One of the first things you are faced with when you start becoming financially independent in your life is the reality of your credit score.
First things first, what is a credit score?
Wikipedia defines a credit score as a number representing the creditworthiness of a person, the likelihood that person will pay his or her debts. Lenders, such as banks and credit card companies, use credit scores to evaluate the potential risk posed by lending money to consumers. Widespread use of credit scores has made credit more widely available and cheaper for consumers.
Investopedia gives the following definition and explanation: A statistically derived numeric expression of a person’s creditworthiness that is used by lenders to access the likelihood that a person will repay his or her debts. A credit score is based on, among other things, a person’s past credit history. It is a number between 300 and 850 – the higher the number, the more creditworthy the person is deemed to be. A FICO score is the most widely used credit scoring system. FICO is an acronym for Fair Isaac Corporation, the company that provides the credit score model to financial institutions. There are other providers of credit scoring systems as well. Consumers can typically keep their credit scores high by maintaining a long history of always paying their bills on time and not having too much debt. A credit score plays a large role in a lender’s decision to extend credit and under what terms. For example, borrowers with a credit score that is under 600 will be unable to receive a prime mortgage and will typically need to go to a subprime lender for a subprime mortgage, which will typically have a higher interest rate.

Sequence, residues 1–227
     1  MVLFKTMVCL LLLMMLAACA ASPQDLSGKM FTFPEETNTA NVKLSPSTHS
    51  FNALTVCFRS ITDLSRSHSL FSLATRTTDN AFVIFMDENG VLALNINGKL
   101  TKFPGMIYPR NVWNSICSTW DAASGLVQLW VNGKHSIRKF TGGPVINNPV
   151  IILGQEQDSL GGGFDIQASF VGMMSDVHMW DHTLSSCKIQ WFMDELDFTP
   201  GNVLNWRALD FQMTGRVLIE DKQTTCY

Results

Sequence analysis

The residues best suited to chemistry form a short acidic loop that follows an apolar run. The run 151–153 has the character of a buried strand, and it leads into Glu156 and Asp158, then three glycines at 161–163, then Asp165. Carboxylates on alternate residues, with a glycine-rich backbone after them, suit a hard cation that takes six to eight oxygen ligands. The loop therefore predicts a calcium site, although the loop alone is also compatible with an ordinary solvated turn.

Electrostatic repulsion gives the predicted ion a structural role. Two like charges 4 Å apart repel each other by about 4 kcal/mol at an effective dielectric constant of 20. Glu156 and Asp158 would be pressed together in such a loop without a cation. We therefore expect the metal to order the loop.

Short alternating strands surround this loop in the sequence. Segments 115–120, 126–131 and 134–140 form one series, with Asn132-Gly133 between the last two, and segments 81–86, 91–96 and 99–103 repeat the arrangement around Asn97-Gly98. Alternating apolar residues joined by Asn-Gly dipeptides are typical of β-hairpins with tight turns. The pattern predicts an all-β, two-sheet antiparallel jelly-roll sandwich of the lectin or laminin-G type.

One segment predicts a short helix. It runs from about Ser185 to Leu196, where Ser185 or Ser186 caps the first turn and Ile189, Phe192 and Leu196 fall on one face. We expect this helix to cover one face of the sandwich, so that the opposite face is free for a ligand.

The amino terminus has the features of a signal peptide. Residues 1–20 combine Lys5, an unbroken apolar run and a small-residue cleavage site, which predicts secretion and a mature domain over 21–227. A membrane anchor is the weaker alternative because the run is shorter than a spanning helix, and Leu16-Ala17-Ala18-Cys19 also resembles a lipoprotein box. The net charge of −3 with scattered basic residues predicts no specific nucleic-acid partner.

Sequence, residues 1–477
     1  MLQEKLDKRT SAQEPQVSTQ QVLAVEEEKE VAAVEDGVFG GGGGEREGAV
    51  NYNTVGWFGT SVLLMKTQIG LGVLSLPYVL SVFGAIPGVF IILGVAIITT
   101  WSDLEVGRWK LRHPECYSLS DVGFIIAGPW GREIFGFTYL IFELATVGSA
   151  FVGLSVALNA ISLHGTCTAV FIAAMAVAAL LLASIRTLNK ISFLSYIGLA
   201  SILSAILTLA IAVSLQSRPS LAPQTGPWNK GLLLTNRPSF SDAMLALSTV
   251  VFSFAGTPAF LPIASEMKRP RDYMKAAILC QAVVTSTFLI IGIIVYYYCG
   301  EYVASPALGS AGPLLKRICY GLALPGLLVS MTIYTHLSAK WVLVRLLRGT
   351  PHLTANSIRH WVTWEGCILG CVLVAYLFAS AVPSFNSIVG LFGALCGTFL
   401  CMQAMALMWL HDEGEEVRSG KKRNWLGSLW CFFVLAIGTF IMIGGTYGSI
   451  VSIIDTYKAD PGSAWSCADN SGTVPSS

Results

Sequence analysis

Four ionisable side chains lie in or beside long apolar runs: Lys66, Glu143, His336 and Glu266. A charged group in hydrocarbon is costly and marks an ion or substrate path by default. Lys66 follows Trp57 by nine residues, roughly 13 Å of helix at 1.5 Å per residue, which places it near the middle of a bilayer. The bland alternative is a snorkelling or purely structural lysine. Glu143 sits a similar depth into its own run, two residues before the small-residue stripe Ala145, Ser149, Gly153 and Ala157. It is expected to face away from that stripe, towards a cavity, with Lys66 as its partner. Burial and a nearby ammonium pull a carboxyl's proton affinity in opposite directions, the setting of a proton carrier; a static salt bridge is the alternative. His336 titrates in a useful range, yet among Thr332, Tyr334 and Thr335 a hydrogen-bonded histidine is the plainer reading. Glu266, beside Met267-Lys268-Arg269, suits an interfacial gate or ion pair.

That all sounds great, but what if I told you that your credit score does not make or break you financially? There are many people who will tell you that you can’t make it in life without a good credit score. Certainly, life might be easier with a high credit score, but you can still be OK without a high score.
Today I want to give you three myths about your credit score and tell you why these myths are not true.
Your credit score is an indication of your financial success.
This is simply not true. Your credit score (also called your FICO score as we read above) tells you one things: how well you manage debt. It’s all about debt. It indicates how much debt you’ve gone into, what kind of debt you have, how consistently you’ve used and paid on debt, and those sort of things. The best indicator of your financial success is your bank account, not your credit score.
You need a credit score to rent an apartment.
This one is not true either. If you have your first and last month’s rent plus a security deposit, a majority of apartment complexes will work with you. You might have to try two or three, but they are out there.
Keeping a credit score to secure low rates on car insurance is a smart move.
It is true that no credit score, or a bad credit score, can drive up rates on your car insurance. But you will more than make up for that with all the money you will save by not paying interest to a bank in an effort to build your credit score.
The point is that the sooner you begin paying with cash, avoiding debt, and staying away from the credit score trap, the better off you will be in the long run.